Millan contends there is no such thing as an “aggressive” breed, and certainly no “killer” dogs, but only dogs that do not have a leader and thus have taken the dominant role. Such dogs, he says, must be dominated by their human in order to be rehabilitated. In order to do so, Millan emphasizes the necessity of developing an awareness of animal perception and psychology.
First, he says, we must understand how dogs learn about the world. They do so primarily through the nose, then the eyes, and lastly the ears. Dog trainers typically reverse this sequence, a practice that creates instability and confusion for the animal, tending to produce hostile, depressed, or hyperactive dogs. In other words, we are talking at our dogs rather than connecting with them, and then we blame them for not understanding us.
The issues surrounding misunderstood dogs are much more serious than torn-up couches or mere messes on the kitchen floor. Recently, for instance, the gruesome mauling and killing of a San Francisco woman named Diane Whipple by an English Mastiff cross-breed set off a massive public outcry of shock, fear and anger. Unfortunately, that well-publicized incident was only one among a huge number of canine-related problems.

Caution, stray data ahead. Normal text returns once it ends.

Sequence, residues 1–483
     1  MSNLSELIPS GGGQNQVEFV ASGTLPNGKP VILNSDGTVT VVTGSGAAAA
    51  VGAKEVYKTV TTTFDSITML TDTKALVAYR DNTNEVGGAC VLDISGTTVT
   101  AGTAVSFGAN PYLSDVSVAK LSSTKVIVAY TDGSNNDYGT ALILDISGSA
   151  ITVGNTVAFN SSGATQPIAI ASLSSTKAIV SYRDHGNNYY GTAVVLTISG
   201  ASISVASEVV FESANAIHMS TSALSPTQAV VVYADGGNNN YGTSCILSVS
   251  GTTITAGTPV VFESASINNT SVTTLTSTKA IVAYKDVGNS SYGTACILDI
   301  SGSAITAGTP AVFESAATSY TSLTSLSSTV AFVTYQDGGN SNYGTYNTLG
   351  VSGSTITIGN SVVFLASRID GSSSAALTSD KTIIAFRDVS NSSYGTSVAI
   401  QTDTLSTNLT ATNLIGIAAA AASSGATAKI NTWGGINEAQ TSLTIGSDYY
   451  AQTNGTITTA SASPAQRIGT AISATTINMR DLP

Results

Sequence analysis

The Humane Society of the United States estimates there are more than 4.7 million victims of dog bites each year, while the Centers for Disease Control and Prevention asserts that, from l979 through l996, dogs in the U.S accounted for more than 300 human deaths — most of them, sadly, children.
Clearly, we have a nationwide problem, one that is not being effectively addressed by any so-called animal control agencies. Such makeshift measures as banning breeds and destroying “bad” dogs cannot work because they fail to treat or even acknowledge the real issue. Namely, human beings’ fundamental misunderstanding of dog psychology. In March of this year, in a powerful news segment broadcast on KTLA, Millan illustrated this point by dramatically recreating the Diane Whipple killing and demonstrating how a better understanding of dog psychology may well have saved the poor, young woman’s life.
Not all of us can be “dog whisperers” but we all can learn the basics of more effectively reading and reacting to dog behaviors. If we do that, countless injuries– even lives—can be saved.
Marian Silverman, co-author of a book about Cesar Millan’s unique methods, (currently being offered to publishers) is a Licensed Family Therapist and Educational Psychologist whose life’s work has been in the field of Behavior, Psychology and Education. A former teacher and School Psychologist with Los Angeles Unified Schools, she is currently in practice as an Animal Assisted Therapy Specialist and consultant for the People Animal Connection at UCLA, where she specializes in working with troubled adolescents at the Neuro-Psychiatric Institute. Assisted by her registered therapy dog “Holly Go Lightly,” the team provides the physical, emotional, and psychological connection that facilitates healing and recovery.